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8-step guide to launching a coronavirus employee survey program

8-step guide to launching a coronavirus employee survey program

In this uncertain time of countrywide lockdowns and social distancing, do your employees feel supported? The good news for managers, executive leaders, and HR pros who cite this as one of your top coronavirus concerns: we hear you, and we’ve got surveys that can help. We’ve worked with our survey research experts to prepare two templates that you can use to assess and monitor your organization over the coming weeks.

Why is now the time to send these surveys? Because people are feeling the insecurity, and they want an open conversation. We looked into it using SurveyMonkey Audience and found that 86% of people said it was appropriate or completely appropriate for their employer to send them surveys in the current environment, while 27% actually thought they should be getting more surveys from employers. 

So banish some uncertainty and check in. Our first survey template was created with your whole organization in mind—think of it as a leadership check-in that boosts executive visibility. The second template is more tactical, intended to help individual managers take the pulse of the employees on their team. We’ll walk you through how to successfully launch both within your organization. 

Step 1: Identify the right owner 

Choose someone who has both the interest and authority to make changes to employee working conditions, and make sure you’re ready to make changes based on the feedback you receive. The best candidate is probably a senior individual within your HR department, like a Chief People Officer, Vice President of Human Resources, or Director of Employee Engagement.

Step 2: Decide whether you need additional tools before you get started

If your organization has shifted largely to remote work and you don’t currently have a mechanism for collecting feedback on this new way of working, then you’ll probably need a survey software (like SurveyMonkey). But you might also need additional ways to communicate with employees or places to store and organize data online. Make sure you understand what you’ll need from an information perspective before you start outreach.

Step 3: Define your survey approach

Before launching your coronavirus survey program, you should have an approach and project plan in place to guide your efforts. This plan will inform the who, what, when, where and how of your survey program. Take some time to consider the following:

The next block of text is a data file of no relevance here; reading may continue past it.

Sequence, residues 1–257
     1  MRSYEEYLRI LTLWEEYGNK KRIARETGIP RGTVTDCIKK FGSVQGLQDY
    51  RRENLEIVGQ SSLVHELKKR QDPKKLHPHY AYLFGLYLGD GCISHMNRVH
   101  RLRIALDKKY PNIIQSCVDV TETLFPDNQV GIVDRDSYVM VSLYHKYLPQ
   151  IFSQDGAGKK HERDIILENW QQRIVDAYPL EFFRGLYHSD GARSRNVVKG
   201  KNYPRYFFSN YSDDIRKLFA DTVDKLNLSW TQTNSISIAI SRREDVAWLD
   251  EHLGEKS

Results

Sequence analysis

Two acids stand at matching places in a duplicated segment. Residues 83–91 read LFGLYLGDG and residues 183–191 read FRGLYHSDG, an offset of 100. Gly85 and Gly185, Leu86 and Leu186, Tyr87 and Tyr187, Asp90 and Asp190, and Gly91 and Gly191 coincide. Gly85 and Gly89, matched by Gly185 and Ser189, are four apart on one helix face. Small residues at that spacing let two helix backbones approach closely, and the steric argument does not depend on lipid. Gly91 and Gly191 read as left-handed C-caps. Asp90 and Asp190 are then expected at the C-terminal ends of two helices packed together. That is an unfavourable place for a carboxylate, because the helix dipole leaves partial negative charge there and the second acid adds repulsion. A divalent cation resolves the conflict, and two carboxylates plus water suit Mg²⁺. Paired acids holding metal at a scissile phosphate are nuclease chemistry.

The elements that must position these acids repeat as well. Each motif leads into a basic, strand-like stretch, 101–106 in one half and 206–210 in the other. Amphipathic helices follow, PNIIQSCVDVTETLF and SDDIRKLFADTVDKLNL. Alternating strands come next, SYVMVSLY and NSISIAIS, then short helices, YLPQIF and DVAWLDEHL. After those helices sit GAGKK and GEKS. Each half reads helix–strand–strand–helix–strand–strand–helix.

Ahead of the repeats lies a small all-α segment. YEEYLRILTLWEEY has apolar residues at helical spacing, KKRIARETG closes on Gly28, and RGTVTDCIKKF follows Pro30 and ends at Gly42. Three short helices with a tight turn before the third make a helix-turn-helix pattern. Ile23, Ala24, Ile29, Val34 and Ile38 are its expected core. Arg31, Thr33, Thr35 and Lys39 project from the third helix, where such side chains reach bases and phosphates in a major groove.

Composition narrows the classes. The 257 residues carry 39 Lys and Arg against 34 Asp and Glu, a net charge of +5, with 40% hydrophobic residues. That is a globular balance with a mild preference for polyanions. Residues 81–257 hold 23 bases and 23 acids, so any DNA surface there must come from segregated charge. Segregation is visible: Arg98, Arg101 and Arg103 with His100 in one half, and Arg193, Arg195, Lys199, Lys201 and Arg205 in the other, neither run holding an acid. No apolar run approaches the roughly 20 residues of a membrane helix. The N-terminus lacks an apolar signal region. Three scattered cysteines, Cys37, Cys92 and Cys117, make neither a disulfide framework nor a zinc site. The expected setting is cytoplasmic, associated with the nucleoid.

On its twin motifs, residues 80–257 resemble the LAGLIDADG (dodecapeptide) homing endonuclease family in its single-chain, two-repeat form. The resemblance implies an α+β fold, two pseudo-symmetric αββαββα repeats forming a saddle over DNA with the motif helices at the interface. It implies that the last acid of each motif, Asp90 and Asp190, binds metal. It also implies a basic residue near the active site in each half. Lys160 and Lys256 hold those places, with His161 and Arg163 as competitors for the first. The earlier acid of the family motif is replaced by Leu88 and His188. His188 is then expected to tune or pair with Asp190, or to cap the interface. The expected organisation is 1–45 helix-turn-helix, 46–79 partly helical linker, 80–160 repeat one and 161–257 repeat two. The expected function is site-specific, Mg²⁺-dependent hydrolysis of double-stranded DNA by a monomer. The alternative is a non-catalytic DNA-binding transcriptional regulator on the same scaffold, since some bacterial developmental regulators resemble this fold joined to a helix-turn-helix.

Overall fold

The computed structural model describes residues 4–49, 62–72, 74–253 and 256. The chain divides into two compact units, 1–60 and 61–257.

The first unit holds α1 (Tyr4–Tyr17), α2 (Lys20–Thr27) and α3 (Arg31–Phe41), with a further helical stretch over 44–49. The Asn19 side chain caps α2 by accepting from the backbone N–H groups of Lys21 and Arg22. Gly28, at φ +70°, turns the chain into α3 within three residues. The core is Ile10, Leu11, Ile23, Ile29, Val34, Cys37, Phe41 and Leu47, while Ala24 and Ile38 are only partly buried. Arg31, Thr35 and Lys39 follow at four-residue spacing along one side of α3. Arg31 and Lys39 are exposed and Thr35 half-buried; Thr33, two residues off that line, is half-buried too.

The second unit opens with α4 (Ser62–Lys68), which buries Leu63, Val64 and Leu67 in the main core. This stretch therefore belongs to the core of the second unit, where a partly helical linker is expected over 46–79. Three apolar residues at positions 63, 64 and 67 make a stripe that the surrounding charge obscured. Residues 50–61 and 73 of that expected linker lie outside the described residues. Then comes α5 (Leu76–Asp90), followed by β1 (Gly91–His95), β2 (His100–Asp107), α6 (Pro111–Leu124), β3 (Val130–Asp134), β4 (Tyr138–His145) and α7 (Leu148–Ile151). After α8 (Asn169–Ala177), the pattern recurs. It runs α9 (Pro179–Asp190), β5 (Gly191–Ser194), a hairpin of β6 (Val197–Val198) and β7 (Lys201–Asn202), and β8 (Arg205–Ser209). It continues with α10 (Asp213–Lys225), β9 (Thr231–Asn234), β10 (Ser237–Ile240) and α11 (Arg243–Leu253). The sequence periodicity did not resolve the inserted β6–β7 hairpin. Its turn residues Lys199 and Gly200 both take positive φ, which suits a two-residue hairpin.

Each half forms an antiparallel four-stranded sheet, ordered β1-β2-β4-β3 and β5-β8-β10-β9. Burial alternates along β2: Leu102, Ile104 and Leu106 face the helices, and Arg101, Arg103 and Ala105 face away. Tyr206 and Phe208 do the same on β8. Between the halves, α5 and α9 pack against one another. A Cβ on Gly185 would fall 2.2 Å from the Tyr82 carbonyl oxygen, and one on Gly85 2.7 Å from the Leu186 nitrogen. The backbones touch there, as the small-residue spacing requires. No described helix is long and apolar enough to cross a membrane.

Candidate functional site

• Approach - Decide which surveys you want to send and the goal for each survey. Our recommendation is that you deploy one company-wide survey that provides overarching executive visibility and one more tactical survey for local managers. 
  • Timeline and cadence - Develop a timeline for the design and deployment of your survey, including survey deadlines, survey cadence, and dates to review results. We recommend deploying once to start, and then reassessing every 30 days. If you want to do regular check-ins, that can also be automated in SurveyMonkey. 
  • Communication - Develop an outline of key communication, including pre- and post-survey communication. We’ve included recommendations for communication below!
  • Roles and responsibilities - Determine who will play a role in the development and distribution of the survey. It’s also a good idea to nail down who will be involved in taking action based on responses. 

Step 4: Design your survey by leveraging our existing survey templates 

The next step is to design your survey. This is where our templates come in! 

The first is built for broad usage by the HR and leadership team.

The second is designed to help individual managers understand how their specific teams are coping now, and in the weeks to come.

You can adjust both surveys with the survey builder to customize them to be more specific to your organization while benefiting from benchmarking on the questions that you use from the template.

You can also brand the surveys, so that it feels like more of an internal, familiar experience.